The Freecycle Network has a lofty goal: to establish a "worldwide gift economy" that cuts down on waste, decreases consumerism and connects people through giving. Freecycle members post e-mail offers for stuff they don't want anymore to a listserv for their local group. If another member is interested in the stuff, he replies to the poster. The poster then lets the interested party know when and where he can pick up the stuff. If more than one member is interested, the giver has to pick someone from all of the interested members. Many local charities join Freecycle groups, and most groups ask that you give a nonprofit first dibs. That way, your local thrift store doesn't lose out through the success of Freecycle.
If you're thinking, "Sweet, presents!", think again -- according to the official Web site, your local Freecycle group is not a place to just grab up "free stuff for nothing." A gift economy is a two-way street. Don't take it if you don't need it, and remember that it's a gift, not a freebie. If you're looking to get something for nothing, you should probably just check out the "Free" section of your local Craig's list or newspaper.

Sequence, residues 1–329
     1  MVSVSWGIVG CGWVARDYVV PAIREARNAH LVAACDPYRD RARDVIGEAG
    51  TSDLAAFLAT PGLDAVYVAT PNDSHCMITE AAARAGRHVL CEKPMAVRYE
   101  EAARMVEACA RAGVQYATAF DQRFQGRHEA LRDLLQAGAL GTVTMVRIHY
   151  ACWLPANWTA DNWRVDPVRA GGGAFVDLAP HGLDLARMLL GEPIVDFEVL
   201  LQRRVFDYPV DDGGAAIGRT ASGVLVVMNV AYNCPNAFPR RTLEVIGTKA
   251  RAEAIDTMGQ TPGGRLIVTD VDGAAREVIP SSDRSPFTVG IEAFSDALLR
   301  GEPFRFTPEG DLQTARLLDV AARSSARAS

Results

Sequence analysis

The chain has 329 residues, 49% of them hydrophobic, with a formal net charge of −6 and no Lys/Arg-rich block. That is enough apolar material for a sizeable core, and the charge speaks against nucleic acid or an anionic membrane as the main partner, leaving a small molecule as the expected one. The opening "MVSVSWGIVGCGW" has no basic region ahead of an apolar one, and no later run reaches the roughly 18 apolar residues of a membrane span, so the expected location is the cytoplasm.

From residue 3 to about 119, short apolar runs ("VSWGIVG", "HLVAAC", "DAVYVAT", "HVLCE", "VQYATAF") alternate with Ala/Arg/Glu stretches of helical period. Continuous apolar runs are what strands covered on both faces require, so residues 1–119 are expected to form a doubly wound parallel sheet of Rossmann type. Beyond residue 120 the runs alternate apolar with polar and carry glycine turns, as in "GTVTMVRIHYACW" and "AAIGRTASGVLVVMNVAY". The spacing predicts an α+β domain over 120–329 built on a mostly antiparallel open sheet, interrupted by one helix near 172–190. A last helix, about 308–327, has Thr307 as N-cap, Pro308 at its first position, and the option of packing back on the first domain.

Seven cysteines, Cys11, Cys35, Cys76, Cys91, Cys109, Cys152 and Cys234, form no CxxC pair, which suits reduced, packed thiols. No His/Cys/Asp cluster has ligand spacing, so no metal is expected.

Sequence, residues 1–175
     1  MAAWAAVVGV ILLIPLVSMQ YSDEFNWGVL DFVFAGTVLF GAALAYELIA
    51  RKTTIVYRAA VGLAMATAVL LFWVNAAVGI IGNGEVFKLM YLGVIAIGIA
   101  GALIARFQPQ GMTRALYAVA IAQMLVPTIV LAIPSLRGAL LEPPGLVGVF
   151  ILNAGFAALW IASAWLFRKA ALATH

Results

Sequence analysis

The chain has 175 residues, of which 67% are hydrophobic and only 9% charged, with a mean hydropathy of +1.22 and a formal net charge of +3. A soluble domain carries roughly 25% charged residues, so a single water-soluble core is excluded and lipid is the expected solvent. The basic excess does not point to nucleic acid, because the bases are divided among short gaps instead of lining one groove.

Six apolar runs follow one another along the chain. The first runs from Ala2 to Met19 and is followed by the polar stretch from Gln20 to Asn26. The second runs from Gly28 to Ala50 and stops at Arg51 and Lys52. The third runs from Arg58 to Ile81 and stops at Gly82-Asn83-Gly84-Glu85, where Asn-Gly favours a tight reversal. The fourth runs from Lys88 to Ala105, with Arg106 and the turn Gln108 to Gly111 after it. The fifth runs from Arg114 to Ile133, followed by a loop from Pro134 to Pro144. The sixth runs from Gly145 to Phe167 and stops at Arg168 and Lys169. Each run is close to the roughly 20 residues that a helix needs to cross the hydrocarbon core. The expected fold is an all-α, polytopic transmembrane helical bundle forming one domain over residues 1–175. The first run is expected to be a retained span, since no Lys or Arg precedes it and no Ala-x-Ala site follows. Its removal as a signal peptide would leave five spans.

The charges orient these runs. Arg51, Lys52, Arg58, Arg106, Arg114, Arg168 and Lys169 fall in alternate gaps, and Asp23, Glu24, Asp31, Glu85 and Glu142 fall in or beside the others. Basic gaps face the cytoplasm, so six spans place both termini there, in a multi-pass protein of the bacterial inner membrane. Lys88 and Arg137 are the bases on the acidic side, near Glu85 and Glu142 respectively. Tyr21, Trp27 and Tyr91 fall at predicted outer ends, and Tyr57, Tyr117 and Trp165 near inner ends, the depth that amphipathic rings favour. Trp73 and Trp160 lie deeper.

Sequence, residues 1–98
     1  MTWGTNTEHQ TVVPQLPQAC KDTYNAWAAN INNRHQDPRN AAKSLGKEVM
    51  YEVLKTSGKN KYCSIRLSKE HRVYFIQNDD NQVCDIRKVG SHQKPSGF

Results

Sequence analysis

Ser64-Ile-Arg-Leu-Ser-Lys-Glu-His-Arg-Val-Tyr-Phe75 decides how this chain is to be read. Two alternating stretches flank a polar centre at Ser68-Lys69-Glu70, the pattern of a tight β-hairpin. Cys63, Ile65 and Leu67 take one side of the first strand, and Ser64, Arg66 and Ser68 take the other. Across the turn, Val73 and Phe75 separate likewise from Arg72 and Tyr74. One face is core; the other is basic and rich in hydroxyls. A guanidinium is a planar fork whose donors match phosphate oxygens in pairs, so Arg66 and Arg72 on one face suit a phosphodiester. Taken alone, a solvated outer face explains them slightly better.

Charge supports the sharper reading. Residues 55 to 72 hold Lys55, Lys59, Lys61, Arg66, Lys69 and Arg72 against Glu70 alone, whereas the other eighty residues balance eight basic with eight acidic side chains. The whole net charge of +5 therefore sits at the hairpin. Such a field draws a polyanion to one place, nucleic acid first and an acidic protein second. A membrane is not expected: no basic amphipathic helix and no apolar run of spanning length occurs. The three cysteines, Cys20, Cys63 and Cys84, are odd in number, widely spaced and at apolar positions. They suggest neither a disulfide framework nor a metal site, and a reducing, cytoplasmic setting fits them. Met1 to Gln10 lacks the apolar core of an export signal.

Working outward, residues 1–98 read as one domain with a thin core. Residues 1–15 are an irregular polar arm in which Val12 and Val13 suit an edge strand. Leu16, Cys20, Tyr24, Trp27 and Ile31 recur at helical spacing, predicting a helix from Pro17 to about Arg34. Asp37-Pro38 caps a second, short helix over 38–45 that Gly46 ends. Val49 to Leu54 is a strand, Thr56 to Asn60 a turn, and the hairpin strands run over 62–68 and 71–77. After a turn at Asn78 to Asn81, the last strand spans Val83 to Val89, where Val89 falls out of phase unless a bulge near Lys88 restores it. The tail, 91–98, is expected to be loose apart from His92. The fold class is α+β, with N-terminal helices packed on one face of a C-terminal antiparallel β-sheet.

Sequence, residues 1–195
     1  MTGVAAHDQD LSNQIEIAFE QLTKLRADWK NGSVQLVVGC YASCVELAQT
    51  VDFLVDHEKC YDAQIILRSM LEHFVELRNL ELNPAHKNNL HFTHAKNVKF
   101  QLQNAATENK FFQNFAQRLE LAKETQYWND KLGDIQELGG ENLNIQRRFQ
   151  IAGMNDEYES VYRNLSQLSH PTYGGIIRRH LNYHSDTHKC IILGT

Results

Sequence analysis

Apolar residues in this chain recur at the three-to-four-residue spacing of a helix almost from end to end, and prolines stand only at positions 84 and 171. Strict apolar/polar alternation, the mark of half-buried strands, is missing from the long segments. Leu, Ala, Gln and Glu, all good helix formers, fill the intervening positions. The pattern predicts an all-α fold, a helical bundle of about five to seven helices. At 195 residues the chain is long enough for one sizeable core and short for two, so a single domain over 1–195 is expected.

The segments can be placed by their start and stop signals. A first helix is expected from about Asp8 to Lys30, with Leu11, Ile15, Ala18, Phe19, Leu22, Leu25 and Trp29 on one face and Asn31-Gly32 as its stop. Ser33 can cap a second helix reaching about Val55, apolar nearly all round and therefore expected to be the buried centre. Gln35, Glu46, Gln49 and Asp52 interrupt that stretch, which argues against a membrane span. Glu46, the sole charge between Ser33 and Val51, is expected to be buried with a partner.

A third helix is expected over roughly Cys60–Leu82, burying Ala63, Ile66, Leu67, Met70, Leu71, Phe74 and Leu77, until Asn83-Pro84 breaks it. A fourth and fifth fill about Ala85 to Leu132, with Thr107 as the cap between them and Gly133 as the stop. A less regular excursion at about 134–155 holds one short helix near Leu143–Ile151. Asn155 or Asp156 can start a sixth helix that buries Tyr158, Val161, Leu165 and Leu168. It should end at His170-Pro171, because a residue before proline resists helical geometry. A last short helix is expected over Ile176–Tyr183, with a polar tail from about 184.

Freecycle is an idealistic endeavor, to be sure, but it's working. The network was born in 2003 in Arizona, the brainchild of Deron Beal. Beal worked for an environmentalist group in Tucson, trying to keep usable goods out of landfills through education. The nonprofit he worked for had a bunch of office supplies it didn't need, and Beal spent hours locating other nonprofit groups that needed what his group was trying to give away. He realized he could easily set up a listserv where people could see what was available and what was needed and save everyone a lot of time in the process. Thus began Freecycle.
In December 2005, there are more than 1.8 million members in 3,200 Freecycle communities in 50 countries around the world. The Freecycle Network reports that its members are keeping 55 tons of goods out of landfills each day. Let's find out how it works.